These days I can’t race anywhere because of my bad hips; so hobble it is.  I probably wouldn’t win a hobble race, either...but then if I was being chased by an angry bull, it might be a different story!

I tossed vanity aside quite a while back, if I ever did suffer from vanity.  I doubt I ever did. Either which way, I replaced it with sensibility.  I use a cane. 

Living alone, with tiled floors, one of my greatest fears is slipping on a wet floor, hitting my head and being knocked out.  Living the life I do, I could be laying there forever before anyone discovered me.  So, yes, I use a cane...because I have to use a cane.

I’m not as agile as I once was.  I turned 72 a couple of weeks ago, and after many years working long hours, on my feet, on hard surfaces; covering large areas and lifting heavy weights that I suppose I shouldn’t having been lifting, but had no choice other than to do so, my hips (and arthritis therein or on) said “enough is enough, already)!  Like us all when we’re younger, I believed I was infallible.  It’s funny how Life has its own script.

Fortunately, I realised what had happened to my phone when I did.  Grabbing my walking stick I hurried as best I could hurry outside.  I could see the phone line lying on the ground, and I could hear men’s voices in the distance – down the end of this lane.

They were packing up their equipment and ready to load the huge “chopping” machine onto the back of a truck, and drive away never to be seen again until the next time.  I needed to catch them before they disappeared.

Fighting my way through the trees and the debris left behind from the chopping and lopping, I bellowed out as loudly as I could...a few the men. 

Finally, one heard me...and he alerted his mates...probably saying, “Hey! Look!  I wonder what that old hag wants!  Halloween is over, isn’t it?”

One decided to break away from the herd and walk up to where I was.  I pointed out what they’d done, explaining my situation etc., etc.  I wasn’t rude; there was no need to be – a little cream gets the job done, not sour grapes; but I did impress the importance of having the line fixed as soon as possible.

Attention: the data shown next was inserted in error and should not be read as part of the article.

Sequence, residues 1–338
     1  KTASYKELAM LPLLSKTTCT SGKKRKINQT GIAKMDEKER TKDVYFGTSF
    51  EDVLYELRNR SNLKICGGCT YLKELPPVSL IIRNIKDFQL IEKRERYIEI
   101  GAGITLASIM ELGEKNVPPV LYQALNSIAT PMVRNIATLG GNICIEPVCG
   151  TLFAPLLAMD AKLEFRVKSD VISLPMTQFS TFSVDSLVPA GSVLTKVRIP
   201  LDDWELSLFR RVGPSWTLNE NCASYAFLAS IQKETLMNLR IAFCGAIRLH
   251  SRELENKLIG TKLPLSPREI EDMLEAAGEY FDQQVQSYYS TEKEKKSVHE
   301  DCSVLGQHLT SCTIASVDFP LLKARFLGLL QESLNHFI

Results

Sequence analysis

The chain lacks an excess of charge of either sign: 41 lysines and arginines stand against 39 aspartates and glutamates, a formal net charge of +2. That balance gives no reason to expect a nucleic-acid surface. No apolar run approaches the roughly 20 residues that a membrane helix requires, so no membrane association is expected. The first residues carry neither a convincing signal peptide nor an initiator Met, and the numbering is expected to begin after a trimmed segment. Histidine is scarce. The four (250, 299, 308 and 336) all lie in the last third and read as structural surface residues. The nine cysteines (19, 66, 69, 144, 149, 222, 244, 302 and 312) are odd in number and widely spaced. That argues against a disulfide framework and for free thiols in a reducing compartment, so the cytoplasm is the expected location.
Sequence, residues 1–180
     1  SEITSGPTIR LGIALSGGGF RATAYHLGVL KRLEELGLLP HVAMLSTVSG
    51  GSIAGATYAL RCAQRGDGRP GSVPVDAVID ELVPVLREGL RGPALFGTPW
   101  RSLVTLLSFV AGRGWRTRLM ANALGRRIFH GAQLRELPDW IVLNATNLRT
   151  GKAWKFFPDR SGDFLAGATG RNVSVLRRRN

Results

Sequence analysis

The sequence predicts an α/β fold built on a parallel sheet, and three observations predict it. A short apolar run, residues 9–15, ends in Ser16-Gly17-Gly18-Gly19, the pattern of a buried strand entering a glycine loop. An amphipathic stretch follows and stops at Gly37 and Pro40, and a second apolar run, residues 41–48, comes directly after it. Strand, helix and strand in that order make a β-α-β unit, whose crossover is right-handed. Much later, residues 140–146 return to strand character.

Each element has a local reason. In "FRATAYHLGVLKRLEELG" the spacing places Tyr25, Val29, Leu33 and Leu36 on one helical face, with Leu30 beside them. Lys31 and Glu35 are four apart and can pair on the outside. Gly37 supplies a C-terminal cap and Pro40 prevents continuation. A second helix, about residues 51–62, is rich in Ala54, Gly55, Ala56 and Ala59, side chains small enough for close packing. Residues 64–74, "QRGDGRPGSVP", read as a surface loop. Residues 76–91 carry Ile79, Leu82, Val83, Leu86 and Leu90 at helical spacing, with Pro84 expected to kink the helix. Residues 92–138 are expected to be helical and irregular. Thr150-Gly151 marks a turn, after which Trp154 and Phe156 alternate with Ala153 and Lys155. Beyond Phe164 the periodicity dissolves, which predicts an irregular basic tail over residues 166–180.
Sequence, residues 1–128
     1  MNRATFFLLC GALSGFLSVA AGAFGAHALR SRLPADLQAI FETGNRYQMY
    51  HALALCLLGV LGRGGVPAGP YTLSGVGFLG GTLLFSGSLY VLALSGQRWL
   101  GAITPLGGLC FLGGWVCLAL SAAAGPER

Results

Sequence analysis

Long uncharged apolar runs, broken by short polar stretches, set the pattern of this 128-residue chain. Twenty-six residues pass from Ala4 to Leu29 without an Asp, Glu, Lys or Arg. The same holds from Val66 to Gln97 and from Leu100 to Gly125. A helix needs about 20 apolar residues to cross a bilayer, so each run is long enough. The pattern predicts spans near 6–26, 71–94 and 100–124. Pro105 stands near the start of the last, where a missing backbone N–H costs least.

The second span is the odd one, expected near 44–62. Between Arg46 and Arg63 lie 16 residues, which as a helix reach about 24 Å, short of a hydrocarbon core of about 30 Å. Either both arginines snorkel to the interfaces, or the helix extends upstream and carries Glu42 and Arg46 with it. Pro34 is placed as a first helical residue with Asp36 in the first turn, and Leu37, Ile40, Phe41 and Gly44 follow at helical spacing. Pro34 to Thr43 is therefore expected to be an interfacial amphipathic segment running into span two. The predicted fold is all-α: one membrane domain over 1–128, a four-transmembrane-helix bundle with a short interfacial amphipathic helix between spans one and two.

The fellow told me he would tell his boss of my predicament, and that he would contact Telstra.  Telstra is Australia’s largest telecommunications etc., company.  I’ve been with them since before the Last Supper.

About an hour later, another Energex guy knocked on my door to let me know that they’d been in touch with Telstra and that my phone line would be re-attached late that afternoon.  I shook the fellow’s hand and thanked him for advising me of the progress.

No one turned up as promised.  

I knew I had to get in contact with Telstra first thing in the morning to shake them up a bit or otherwise my predicament could go on ad infinitum.   

I hate being beholden to anyone; and I hate asking others for anything, but I bit the bullet and went up to my landlords to ask if they could ring Telstra for me.  Other using homing/carrier pigeons or smoke signals I had no other choice.

Everything turned into a Cecil B. DeMille production, as it always does.  Nothing is ever simple!  Bends, curves and corners are created where none need exist.  I’m a “straight-down-the-line” person; one with little patience in some situations.  Hence, my preferring to solve problems myself...but, again, in this instance, I had no other choice!

I was forced to talk with someone in bloody Timbuktu, Uzbekistan (in actual fact - the Philippines) who spoke, of course, muddled English.